Be still before the LORD and wait patiently for him... Psalm 37:7 (NIV)

Monday, June 21, 2010

Changing Schools - Part One

This post is the first in a series on transitioning to a new school. My Monday posts will focus on this topic for several weeks because it is a large and complex topic. Also, this post is participating in the Moms' 30-Minute Blog Challenge at Steady Mom.

In March we were told that our daughter's Individual Education Plan (IEP) goals and services could now be provided at our "home school" which is always preferred as the Least Restrictive Environment (LRE) and therefore her placement was changed. Even though she had attended her current school for three years through Early Intervention Preschool (EIP) and Kindergarten, even though the child has trouble moving from one daily activity to the next much less through large changes, even though she struggles to establish good peer relationships, even though...we were faced with a decision that essentially had been made for us. At the end of our IEP meeting we were preparing to sign forms to indicate our presence at the meeting and our approval of the plan. I stated that I approved of the services and goals, but that I did not approve of the placement decision. I asked how I should sign the forms to indicate non-agreement and was told that it was not a decision I could approve or disapprove, it was simply where the district had decided to place her.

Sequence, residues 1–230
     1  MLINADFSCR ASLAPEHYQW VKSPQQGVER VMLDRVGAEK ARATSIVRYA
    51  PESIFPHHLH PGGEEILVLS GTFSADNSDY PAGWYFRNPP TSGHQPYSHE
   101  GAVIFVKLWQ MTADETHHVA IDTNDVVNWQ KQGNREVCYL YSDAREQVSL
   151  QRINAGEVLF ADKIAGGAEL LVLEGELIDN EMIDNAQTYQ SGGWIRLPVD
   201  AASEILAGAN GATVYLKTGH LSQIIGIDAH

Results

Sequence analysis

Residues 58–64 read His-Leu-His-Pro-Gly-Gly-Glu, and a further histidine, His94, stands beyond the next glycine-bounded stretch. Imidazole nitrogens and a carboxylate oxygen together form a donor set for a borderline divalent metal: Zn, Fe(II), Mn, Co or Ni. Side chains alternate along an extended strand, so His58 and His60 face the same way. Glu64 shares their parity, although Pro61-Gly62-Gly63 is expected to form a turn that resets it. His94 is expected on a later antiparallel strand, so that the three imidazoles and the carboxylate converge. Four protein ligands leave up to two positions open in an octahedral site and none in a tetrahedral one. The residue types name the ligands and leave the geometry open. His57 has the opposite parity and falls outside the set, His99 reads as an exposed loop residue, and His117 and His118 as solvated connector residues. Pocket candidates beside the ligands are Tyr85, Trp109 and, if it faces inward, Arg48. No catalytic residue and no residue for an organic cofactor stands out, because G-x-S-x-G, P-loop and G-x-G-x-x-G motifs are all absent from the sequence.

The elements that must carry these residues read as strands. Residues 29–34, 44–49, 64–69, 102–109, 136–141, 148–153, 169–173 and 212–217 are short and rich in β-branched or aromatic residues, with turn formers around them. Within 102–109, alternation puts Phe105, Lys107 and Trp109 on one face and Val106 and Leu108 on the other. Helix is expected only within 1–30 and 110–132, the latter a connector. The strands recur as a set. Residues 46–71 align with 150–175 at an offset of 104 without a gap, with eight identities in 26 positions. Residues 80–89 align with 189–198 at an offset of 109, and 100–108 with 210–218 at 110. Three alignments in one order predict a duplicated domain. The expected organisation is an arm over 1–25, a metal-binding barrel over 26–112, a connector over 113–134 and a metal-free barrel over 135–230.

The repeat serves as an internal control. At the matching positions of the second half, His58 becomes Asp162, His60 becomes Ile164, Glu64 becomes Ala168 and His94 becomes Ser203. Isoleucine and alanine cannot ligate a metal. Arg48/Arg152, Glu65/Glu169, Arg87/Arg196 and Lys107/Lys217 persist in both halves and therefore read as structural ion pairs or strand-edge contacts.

I left that meeting in a fog. We've learned not to discuss "uncertain" things with our daughter, so I knew I would have to mask my frustration and confusion from her until we had figured out what we should do. This took a lot of effort and didn't leave a lot of energy over for daily functioning. As a result one of our cherished stoneware plates met its end on our stone dining room floor later that evening. I was almost non-functional. After the kids were in bed I fired off e-mails to several trusted resources, set up a meeting with two wonderful mentors, got some of my thoughts down on paper/screen, and went to bed to finally let the tears wash away all the pent up emotion.